Sadiq Khan - Rasid Necati Aslim/Anadolu Agency/Getty Images

Sadiq Khan – Rasid Necati Aslim/Anadolu Agency/Getty Images© Rasid Necati Aslim/Anadolu Agency/Getty Images

Home Counties councils and politicians have slammed proposals by Sadiq Khan to scrap day travelcards in London, with some suggesting it could be worse than the Ulez expansion for residents.

Councils including Surrey and Kent County Councils have voiced their opposition to the plans, which if taken forward could be brought in before the end of the year.

Last month, Transport for London (TfL) announced that it was considering scrapping day travelcards, along with group day travelcards and child day travelcards.

The move would also see the end of commuters from outside the capital being able to add on travelcards to rail tickets into the city, heaping on additional costs.

Instead, travellers would have to pay separately for their rail tickets into London and for pay-as-you-go travel in the city.

Price hikes examples

Price hikes examples© Provided by The Telegraph

For example, a single peak ticket from Farnham in Surrey to London including a travelcard for zones 1-6 currently costs £25.30.

However, under the proposed changes, travellers would have to pay up to £14.90 a day for pay-as-you-go travel in London on top of their ticket into the city, meaning some could be paying an extra £9.30 per day.

The move has been met with a wave of opposition, with councils calling for Mr Khan to rethink the plan.

The Telegraph has seen letters from both Surrey and Kent Council’s to TfL deploring the move.

Matt Furniss, cabinet member for transport at Surrey County Council, said he had deep concerns over the proposals, adding that it would have negative financial impact on Surrey residents, while worsening transport integration.

Buckinghamshire Council has also said publicly that it is “deeply unhappy” about the proposals, calling any scrap “deeply short-sighted”.

All three councils criticised TfL’s consultation process, saying the body had failed to directly contact them about the changes, despite most of their constituents being affected.

David Brazier, Kent’s transport lead, said the council only became aware when a neighbouring council alerted them.

TfL unveiled the plans earlier this year as part of an attempt to plug a £740m funding black hole at the organisation.

It comes after the mayor took the decision to end free morning peak travel for pensioners to save £40m per year.

The councils have been joined by politicians, who have said it goes against Mr Khan’s election pledge to keep fares low.

Ben Spencer, the Tory MP for Runnymede and Weybridge, claimed the decision could have a bigger impact on constituents than the Ulez expansion.

“I would argue the travelcard issue is potentially even worse for my constituents, because we’ve got so many people who go into London, on the train, whether that is daily, or a couple of times a week to go into work,” he said.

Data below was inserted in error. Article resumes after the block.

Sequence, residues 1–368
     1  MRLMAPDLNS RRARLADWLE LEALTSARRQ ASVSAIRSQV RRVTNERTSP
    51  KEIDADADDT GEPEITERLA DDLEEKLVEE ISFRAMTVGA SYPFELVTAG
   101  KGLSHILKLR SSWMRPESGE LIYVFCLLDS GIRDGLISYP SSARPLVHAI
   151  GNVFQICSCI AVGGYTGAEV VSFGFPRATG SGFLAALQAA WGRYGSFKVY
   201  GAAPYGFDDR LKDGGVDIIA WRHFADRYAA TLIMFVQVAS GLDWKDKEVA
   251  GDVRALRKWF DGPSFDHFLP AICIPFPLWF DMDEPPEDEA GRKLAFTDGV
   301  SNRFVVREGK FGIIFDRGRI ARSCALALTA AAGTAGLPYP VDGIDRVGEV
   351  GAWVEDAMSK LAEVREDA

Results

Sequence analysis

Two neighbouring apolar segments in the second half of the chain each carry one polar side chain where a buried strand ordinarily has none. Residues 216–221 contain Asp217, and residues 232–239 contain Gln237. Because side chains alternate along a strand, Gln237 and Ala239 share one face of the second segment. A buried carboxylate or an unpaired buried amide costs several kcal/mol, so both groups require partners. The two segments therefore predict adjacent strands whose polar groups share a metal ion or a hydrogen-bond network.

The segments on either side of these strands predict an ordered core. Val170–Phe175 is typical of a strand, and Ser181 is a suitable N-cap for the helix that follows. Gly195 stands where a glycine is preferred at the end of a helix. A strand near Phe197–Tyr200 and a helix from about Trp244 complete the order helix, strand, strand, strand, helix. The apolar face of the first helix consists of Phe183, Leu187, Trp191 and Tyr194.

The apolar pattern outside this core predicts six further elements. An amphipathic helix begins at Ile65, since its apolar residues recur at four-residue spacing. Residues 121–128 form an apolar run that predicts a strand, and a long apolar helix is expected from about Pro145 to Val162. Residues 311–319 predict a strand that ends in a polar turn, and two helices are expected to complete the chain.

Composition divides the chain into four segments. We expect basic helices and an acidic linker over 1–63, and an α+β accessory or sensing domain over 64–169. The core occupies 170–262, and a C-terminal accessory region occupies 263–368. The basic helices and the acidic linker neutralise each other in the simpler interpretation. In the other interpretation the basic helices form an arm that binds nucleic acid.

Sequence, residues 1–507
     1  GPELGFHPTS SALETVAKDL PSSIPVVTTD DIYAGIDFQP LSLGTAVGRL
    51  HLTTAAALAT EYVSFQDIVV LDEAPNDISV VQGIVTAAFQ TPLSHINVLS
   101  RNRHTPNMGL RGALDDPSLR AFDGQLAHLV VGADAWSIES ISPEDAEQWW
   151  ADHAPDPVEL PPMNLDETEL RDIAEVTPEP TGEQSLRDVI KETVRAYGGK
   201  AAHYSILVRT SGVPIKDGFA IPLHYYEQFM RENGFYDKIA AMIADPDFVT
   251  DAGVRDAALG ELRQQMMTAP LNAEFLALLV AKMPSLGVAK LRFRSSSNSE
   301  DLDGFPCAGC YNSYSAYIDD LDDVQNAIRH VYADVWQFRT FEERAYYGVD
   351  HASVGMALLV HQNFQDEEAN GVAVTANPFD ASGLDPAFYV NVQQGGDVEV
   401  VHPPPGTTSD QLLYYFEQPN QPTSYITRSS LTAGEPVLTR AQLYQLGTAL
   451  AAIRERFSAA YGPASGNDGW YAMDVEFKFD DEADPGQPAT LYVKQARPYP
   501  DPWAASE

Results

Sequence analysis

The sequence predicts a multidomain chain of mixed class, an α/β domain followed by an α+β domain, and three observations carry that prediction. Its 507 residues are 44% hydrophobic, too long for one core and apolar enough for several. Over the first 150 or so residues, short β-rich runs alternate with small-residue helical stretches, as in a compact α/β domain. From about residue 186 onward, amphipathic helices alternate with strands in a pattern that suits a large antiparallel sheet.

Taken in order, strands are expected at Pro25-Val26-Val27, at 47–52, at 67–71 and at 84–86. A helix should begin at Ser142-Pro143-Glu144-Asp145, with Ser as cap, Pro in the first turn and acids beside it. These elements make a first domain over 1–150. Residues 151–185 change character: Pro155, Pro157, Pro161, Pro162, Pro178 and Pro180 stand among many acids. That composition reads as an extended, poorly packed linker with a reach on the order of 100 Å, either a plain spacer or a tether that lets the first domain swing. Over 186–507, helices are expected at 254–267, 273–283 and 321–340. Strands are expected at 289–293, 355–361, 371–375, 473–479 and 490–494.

The MP, who has launched a petition to stop the plans, suggested that the policies went against the mayor’s aims of improving the environment.

“It’s ironic, he positions himself as some sort of climate change tsar, and yet he seems to me to be doing things which are counter-productive,” he said.

The Telegraph has also seen a letter from Bim Afolami, Conservative MP for MP for Hitchin and Harpenden, warning Mr Khan against the plans.

This is the second time those living outside of London have looked to intervene. Earlier this year, a number of Home Counties councils rebelled against the expansion of Ulez by announcing they would block any signage within their areas.

Motorists that live in the Home Counties but work in London would still be required to pay the £12.50 Ulez charges if their vehicle does not meet emissions standards. However, unlike some drivers that live in London, those outside do not have access to scrappage schemes.

‘The mayor is setting out to discourage people from coming to London’

Neil Middleton, director of the rail passengers campaign group Railfuture, said: “The scrapping of the day card would turn a nice simple product that everyone understands and offers great value, into something endlessly complicated and uncertain that most people don’t, most people don’t understand.

“The big point is the mayor is setting out to discourage people from coming to London, which is a bad outcome.”

A TfL spokesperson said: “Due to requirements of the Government’s funding settlements, we are having to consider proposals to withdraw from elements of the Travelcard Agreement, such as TfL’s acceptance of day travelcards. The existing daily pay as you go caps on contactless or oyster, which are used by the overwhelming majority of those travelling, would not be affected by these proposals.

“We are now in the process of reviewing the feedback from key stakeholders to help inform our equality impact assessment, which will form part of the mayor’s consideration of this proposal.

“The decision on whether to withdraw day travelcards is a mayoral decision. No decision has yet been made and there is not a set date for the final decision.”